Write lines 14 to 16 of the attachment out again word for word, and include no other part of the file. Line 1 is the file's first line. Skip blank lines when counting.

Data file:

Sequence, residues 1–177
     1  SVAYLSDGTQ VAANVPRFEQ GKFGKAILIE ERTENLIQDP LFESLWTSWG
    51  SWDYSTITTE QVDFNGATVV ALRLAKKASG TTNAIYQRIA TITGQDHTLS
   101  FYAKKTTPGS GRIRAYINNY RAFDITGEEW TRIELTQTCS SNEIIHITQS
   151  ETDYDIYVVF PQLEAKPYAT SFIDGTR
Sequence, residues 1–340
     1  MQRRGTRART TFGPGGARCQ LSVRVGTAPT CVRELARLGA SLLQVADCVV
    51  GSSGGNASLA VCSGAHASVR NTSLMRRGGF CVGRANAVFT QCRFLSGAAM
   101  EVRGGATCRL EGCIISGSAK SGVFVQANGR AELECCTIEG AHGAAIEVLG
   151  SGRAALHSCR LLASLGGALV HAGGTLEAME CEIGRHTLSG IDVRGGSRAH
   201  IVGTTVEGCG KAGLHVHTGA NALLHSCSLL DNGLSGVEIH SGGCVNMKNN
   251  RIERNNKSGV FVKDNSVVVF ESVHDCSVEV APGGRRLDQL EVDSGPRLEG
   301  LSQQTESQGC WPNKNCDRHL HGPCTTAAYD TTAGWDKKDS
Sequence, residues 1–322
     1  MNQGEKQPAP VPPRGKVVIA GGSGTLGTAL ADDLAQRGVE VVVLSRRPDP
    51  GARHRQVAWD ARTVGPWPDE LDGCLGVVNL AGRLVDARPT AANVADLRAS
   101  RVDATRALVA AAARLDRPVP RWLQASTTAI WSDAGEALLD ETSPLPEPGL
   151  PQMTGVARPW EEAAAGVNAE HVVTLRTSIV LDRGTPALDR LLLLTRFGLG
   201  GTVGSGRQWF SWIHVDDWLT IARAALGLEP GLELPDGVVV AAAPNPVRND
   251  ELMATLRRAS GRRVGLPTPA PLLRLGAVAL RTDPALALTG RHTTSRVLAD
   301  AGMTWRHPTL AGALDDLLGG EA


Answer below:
Sequence, residues 1–322
     1  MNQGEKQPAP VPPRGKVVIA GGSGTLGTAL ADDLAQRGVE VVVLSRRPDP
    51  GARHRQVAWD ARTVGPWPDE LDGCLGVVNL AGRLVDARPT AANVADLRAS